Who is suitable for the Meet Africa experience?
If you are interested in other cultures and want to get to know them from within, you are very welcome to “Meet Africa”. You will do best with the following character traits:
Flexibility, patience and not afraid of an indigenous environment.
These traits make it easier to have a nice time in Ghana. Why?
First, because sometimes it’s difficult to cope with a different culture. You don’t know the other people’s line of thinking or what they expect from you. People react in different ways from what you are used to, which may lead to misunderstandings. It helps to be flexible and patient and give yourself and the people you live with a chance to get used to each other. Some African norms and values differ from European values. For example, in Ghana it is less important to be sincere or do exactly what you have promised to do than it is to be friendly and polite to people (especially elders). If you won’t or can’t accept these differences your time in Ghana can become quite difficult for you. In the ‘Dos and Don’ts’ on this website you will find more examples.
Secondly, life in northern Ghana is simpler than the life Westerners are used to. For example, tap water and electricity are not always available. Bathrooms are basically tiny cabins with a bucket of water for showering. There may be a toilet available, but more common is a communal toilet, consisting of a hole in the ground. People in villages tend to go into the woods for their sanitary needs. Since hygienic standards are lower than most Westerners are used to, many travellers will suffer from diarrhoea.
Finally, most Westerners will find Ghanaian cuisine to be an acquired taste. Meals typically consist of a ball of dough or thick porridge served with a spicy soup, made of peanuts or dried vegetables. There are also meals consisting of rice, beans or yam (a potato-like root) which Westerners are more familiar with. It won’t harm you to adapt to local dishes. Meals with town families are usually somewhat more varied than meals with village families.
The problem of ‘wanting to help’
It is not a problem in itself if you want to help poor people, but we would like to warn those who travel to Africa (or to other non-Western countries) with this attitude. The problem with ‘wanting to help’ lies in the presumption that your own country is doing well, whereas the other country is doing badly, often combined with the idea that if only people would adopt our attitude and approach, their lives would be better. In our opinion, this is a misunderstanding: we live in completely different cultures with different customs, habits and values. Many volunteers and aid workers start with great ideas and plans, only to become disappointed and frustrated in the end. There may be many people who need help, but people may not respond in the way we expect them to or maybe they aren’t as grateful as we had hoped. It is simply impossible to help everyone who has a problem, especially in developing countries. The inability to do everything you had planned for often leads to disappointment, frustration, anger and sadness, instead of you enjoying your time out there. Consequently, you will not be the most enjoyable person to associate with. And most Africans like to associate with cheerful, open and warm people.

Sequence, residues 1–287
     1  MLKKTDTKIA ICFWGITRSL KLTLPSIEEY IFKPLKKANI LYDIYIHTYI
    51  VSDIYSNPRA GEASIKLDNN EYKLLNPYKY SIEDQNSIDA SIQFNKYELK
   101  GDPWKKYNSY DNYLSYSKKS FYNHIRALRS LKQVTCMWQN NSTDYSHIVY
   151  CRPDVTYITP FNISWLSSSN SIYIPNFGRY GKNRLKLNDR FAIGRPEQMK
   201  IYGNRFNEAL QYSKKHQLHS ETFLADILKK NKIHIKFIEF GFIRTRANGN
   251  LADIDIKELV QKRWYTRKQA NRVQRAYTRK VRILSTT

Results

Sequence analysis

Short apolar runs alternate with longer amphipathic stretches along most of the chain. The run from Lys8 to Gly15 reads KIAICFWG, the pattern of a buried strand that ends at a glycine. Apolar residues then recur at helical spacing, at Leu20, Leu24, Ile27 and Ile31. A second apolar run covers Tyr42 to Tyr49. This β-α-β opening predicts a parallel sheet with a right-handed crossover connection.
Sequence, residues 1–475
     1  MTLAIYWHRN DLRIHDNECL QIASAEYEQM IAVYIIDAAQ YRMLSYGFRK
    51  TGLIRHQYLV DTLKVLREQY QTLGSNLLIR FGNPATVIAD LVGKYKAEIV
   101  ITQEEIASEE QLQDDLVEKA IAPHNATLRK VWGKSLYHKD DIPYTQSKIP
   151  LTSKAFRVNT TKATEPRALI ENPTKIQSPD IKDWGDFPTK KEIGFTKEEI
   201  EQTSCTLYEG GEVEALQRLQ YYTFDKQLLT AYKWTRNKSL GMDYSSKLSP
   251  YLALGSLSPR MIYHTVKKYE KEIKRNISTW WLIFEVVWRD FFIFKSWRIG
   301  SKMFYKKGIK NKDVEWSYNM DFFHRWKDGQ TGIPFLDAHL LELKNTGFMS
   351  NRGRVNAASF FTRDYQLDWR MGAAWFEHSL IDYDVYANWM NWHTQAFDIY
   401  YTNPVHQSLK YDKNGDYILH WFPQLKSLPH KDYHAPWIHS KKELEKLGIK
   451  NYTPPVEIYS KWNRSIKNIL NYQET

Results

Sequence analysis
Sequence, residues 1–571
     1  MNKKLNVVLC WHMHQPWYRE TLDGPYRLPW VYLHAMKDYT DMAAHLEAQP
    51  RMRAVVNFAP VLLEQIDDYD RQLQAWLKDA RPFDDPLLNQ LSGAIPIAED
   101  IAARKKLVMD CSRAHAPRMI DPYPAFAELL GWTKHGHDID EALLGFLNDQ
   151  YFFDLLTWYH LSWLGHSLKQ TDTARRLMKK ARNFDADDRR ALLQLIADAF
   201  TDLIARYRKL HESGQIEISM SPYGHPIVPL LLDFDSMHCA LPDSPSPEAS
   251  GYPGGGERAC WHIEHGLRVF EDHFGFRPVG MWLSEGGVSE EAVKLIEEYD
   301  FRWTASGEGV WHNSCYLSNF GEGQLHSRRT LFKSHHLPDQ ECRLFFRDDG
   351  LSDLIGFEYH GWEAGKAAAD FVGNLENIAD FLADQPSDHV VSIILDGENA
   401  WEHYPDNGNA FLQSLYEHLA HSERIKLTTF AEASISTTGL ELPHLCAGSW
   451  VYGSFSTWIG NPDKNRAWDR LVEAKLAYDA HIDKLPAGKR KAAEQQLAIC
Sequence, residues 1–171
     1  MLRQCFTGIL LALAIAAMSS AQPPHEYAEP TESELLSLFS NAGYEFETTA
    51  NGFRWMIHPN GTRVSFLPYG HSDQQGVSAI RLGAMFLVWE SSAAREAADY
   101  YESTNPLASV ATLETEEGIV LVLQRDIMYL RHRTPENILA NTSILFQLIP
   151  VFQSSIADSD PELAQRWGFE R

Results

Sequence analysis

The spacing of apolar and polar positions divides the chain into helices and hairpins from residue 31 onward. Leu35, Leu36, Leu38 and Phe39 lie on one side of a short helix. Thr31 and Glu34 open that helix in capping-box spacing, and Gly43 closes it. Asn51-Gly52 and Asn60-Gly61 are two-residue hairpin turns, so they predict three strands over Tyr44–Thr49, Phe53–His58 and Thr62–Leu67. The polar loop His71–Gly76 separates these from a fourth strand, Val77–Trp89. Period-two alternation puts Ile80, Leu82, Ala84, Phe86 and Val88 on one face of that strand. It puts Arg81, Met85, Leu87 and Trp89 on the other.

To summarize: the “I am here to help you” attitude is not the most beneficial attitude if you want to build pleasant and mutually satisfactory relationships with the local population. And it is only sincere contact with the locals that will enable you to contribute to the people’s well-being and your own!
What will you get out of staying in another culture?
The previous was not meant to discourage you, but rather to prepare you, should you decide to travel to Ghana with “Meet Africa”. Your efforts to adjust to local customs and culture will be rewarded and enrich you as a person in many ways. We list a few possible changes:
- You will learn to put your norms and values into perspective. Living in another culture will confront you with alternatives to your own habits. These alternatives result in a different society, with its own advantages and disadvantages. By experiencing multiple possibilities you possibly become more conscious of your own habits instead of your unconsciously copying what is considered normal in your own society.
- Having friends in another continent can be enriching and may broaden your perspective of the world. Keeping in touch with these people allows you access to personalized news about the other country, apart from what you will hear on the news or see on television in your own country.
- You will become aware of the cultural differences that immigrants in our society face. Quite probably this will result in greater tolerance towards and understanding of non-Westerners in our own society.
- It may occur to you how individualistic your own country is when you return from Ghana. You will have a clearer view of the advantages and disadvantages of an individualistic society. This will help you to determine how you yourself want to relate to your family and friends.
- You will have an increased awareness of your own country’s wealth. You may appreciate anew the things you own or find out that you don’t need what you once thought you needed. Maybe you will feel inspired to change material injustice in this world or be more aware when you are buying things (e.g. you may start buying fair trade products).
To summarize: staying in Ghana will broaden your worldview and enrich you as a person. Your personal growth will serve you and the people around you for the rest of your life. In this way you can contribute to making this world a better place.